‘Psychological injury’ on rise in Yukon gov’t employees
September 29, 2021
WHITEHORSE, YT – When you think of workplace injuries, you might imagine physical ones caused by operating heavy and dangerous machinery. But worker’s compensation boards across Canada are seeing increases in invisible workplace injury claims.
In the Yukon, the number of submitted “psychological injury” claims nearly doubled from 2016 to 2018 – and last year the Yukon Workers’ Compensation Health and Safety Board accepted more than ever before. These mental health injuries are rising particularly in Yukon’s government employers.
The board announced these employers – including the territorial government, First Nations and municipal governments, first responders, healthcare and education workers – would need to pay higher board fees next year as a result of these injuries – and the cost of their claims, which it says are considerably higher than physical injuries.
This spike in claims is caused, in part, by an increase in workplace violence and harassment. The effects of this harassment and violence on people can include minor or serious physical injuries, temporary or permanent physical disability, shock, anxiety and psychological trauma.
This increase in workplace mental health injury claims isn’t just in the Yukon. In British Columbia, what WorkSafeBC calls “mental disorder claims” have increased in healthcare and social services employees, and they’re also rising in retail, education and agricultural workers. From 2018 to 2019 these claims rose by 24 per cent, held flat in 2020, and rose again by about 20 per cent so far this year.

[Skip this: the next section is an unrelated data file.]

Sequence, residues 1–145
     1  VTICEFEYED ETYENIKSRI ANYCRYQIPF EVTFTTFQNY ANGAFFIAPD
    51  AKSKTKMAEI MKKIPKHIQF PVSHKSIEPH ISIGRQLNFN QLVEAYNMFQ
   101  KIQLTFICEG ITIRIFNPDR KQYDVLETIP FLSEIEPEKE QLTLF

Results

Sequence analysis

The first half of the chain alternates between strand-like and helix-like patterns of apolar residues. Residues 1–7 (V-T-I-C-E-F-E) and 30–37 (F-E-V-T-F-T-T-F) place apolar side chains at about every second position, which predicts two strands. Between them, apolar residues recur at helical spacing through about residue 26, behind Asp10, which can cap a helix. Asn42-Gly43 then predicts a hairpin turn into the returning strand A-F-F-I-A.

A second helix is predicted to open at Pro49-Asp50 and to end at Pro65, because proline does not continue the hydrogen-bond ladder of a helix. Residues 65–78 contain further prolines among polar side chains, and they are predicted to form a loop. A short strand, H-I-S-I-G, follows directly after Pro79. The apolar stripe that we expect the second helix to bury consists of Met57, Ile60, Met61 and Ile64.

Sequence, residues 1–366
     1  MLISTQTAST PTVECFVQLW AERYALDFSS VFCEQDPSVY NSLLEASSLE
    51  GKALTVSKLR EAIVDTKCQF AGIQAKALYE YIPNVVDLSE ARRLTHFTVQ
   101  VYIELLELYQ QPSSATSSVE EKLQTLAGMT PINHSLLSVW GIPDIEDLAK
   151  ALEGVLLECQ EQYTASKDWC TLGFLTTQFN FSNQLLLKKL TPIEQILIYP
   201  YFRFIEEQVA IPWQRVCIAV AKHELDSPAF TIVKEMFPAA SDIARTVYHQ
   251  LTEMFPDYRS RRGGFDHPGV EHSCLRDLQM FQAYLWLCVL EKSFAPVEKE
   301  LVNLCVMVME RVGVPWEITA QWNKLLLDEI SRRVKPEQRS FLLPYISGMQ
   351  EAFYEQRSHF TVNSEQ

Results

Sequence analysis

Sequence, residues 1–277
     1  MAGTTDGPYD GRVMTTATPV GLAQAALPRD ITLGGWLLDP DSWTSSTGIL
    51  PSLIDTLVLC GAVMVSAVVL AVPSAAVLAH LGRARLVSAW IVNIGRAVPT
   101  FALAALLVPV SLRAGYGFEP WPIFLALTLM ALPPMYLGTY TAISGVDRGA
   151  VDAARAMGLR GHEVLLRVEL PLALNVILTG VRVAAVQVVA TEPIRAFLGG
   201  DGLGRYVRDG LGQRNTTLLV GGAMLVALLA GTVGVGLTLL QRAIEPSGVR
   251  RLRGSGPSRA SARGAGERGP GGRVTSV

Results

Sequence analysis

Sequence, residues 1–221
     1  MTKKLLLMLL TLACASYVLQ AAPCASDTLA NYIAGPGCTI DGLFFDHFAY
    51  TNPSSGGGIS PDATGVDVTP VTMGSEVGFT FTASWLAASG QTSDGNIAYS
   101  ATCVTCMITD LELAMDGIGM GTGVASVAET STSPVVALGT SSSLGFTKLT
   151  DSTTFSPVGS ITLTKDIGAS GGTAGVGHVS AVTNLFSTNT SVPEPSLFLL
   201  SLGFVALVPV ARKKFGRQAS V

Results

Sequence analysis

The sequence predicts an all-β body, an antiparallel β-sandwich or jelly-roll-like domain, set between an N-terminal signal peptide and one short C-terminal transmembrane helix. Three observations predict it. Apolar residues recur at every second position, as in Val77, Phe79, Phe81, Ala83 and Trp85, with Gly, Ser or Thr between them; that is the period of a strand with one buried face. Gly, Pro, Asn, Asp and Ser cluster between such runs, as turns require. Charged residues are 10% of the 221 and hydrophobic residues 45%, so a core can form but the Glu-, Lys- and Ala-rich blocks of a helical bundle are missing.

In Alberta’s workers’ compensation board, numbers show a rise in psychological injury claims in government, education, and health workers over the past four years.
Meanwhile, Ontario’s Workplace Safety and Insurance Board numbers show that “mental disorder or syndromes” claims have gone up significantly in the last decade, from 512 claims in 2010 to 1,813 last year.
The Northwest Territories and Nunavut have also seen a rise in psychological injuries at work. The Workers’ Safety and Compensation Commission that deals with both territories saw the number of claims go from fewer than 10 in 2015 and 2016 to 28 in 2019 and 19 in 2020.
Liz Horvath (pictured), manager for workplace mental health for the Mental Health Commission of Canada, which has been conducting regular national mental health polls in partnership with Health Canada throughout the pandemic, said more people are asking for help.
“We’re seeing … increases in anxiety and depression, but we’re also seeing more resilience from an employee perspective,” she said.
In a recent poll, the number of Canadians accessing virtual mental health services has risen by 10 per cent in the past two years.
“If there is any potential silver lining with respect to workplace mental health that comes out of the pandemic, it’s the fact that more people are paying attention to it,” said Horvath.
However, one in five respondents who did receive care reported finding access difficult. “We’re seeing an increase in people needing access to treatment, but they’re not getting it,” said Horvath.